There were salary cap issues tied to that loss, as well. Jamie Fritsch, signed to an amateur tryout contract weeks after his college season had ended, was on the blue line in the final period. Ryan Parent would have been there, but his groin was injured and the Flyers didn't have enough cap space to call up a player from the minor leagues. A puck hit Fritsch in the chest and dropped him to his feet. He couldn't find it, but the Rangers' Aaron Voros did. He slid a pass to Blair Betts, who beat Marty Biron from in close for the winning goal.

That meant a trip to Pittsburgh to start the playoffs -- not an altogether daunting task. While the Flyers won just one of three games in Pittsburgh, they lost one in overtime and another in a shootout. But the Flyers were miserable in a penalty-marred Game 1 that saw them hand the Penguins eight power plays and a 4-1 win.

They were better in Game 2, but a penalty on Jeff Carter with less than five minutes left in the third period led to Jordan Staal's tying goal, and a pair of penalties in overtime gave the Penguins a two-man advantage and a 2-0 series lead when Bill Guerin scored.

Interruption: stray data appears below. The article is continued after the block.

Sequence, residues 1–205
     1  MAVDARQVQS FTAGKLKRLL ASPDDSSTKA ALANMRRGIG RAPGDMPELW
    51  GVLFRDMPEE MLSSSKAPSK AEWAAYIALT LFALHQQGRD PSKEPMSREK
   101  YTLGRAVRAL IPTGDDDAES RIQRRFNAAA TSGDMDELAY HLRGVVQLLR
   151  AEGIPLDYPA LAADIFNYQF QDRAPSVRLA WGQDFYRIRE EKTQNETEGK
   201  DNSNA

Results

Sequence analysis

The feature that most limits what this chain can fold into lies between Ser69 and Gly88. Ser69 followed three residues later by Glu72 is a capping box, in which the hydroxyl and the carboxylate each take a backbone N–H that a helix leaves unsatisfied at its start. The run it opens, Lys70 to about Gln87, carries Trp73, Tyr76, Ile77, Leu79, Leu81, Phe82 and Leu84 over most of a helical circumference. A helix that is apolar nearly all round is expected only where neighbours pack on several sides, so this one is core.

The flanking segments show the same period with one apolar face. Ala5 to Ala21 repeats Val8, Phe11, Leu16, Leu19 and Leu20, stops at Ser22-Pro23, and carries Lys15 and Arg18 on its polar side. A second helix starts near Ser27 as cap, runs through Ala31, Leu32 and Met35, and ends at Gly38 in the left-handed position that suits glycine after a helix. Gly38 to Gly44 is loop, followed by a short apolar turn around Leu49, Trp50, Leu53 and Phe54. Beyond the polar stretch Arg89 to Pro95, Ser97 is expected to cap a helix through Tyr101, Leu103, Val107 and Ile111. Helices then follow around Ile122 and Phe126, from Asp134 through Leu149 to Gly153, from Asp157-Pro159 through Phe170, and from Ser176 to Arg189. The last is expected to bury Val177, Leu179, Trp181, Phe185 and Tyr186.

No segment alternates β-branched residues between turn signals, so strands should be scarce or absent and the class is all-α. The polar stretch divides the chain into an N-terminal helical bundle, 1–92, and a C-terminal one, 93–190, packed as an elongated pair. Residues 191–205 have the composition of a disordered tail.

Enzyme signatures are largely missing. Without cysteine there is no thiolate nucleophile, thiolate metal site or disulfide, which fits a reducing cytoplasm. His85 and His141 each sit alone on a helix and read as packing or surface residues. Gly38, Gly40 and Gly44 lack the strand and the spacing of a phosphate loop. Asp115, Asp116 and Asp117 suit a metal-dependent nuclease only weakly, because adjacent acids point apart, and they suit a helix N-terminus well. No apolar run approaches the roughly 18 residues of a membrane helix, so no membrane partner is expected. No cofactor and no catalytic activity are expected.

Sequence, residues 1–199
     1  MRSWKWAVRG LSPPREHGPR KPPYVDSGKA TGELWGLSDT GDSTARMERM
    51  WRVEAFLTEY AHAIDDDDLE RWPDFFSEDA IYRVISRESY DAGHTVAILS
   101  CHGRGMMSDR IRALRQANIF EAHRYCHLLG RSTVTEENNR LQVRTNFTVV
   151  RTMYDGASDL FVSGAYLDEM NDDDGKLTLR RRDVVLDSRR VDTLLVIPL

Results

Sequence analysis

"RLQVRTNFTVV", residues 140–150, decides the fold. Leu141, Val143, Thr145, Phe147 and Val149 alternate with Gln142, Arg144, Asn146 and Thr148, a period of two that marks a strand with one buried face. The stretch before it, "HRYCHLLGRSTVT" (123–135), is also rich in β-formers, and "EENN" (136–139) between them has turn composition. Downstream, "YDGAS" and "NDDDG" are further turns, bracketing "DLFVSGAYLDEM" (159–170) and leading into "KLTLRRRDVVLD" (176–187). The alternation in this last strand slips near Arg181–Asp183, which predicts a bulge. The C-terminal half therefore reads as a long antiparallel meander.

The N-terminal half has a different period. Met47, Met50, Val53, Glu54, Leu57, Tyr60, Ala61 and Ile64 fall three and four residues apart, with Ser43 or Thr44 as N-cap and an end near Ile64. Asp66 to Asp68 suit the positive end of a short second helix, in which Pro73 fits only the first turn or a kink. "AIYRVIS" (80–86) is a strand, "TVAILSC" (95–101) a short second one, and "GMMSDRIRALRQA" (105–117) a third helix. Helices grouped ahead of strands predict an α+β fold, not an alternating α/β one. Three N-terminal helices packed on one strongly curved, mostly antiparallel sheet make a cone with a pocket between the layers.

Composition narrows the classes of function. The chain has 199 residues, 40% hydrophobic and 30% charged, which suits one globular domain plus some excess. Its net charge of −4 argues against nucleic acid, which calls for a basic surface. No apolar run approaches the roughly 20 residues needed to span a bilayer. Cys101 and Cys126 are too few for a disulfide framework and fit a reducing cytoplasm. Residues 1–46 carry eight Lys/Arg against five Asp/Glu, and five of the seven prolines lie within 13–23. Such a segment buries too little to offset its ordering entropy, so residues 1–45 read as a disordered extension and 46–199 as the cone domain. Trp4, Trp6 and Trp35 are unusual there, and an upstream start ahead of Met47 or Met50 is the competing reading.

The good play continued in Game 3, as the Flyers jumped to an early lead and cruised to a 6-3 victory behind a pair of goals from Simon Gagne and a goal and an assist from Giroux. Game 4 saw the Flyers fire 46 shots on Pens goalie Marc-Andre Fleury, but only Carcillo's late goal got by him and Pittsburgh took a 3-1 series lead back to Pittsburgh for Game 5.

Biron answered with a dynamite effort at Mellon Arena, stopping all 28 shots thrown at him, and Arron Asham, Giroux and Mike Knuble scored in a 3-0 season-saving victory. The Flyers felt like a confident bunch returning to Philadelphia for Game 6.

"It's weird," Briere told NHL.com. "We're down 3-1 but it doesn't feel that way."

"In our room we feel like we're getting stronger," Mike Knuble said. "After that first game and halfway though the second we've been a different team and progressively getting better."

In front of 20,072 roaring fans in Game 6, the Flyers jumped ahead early, getting goals by Knuble and Joffrey Lupul 51 seconds apart late in the first period, and a power-play goal by Briere early in the second gave them a 3-0 lead.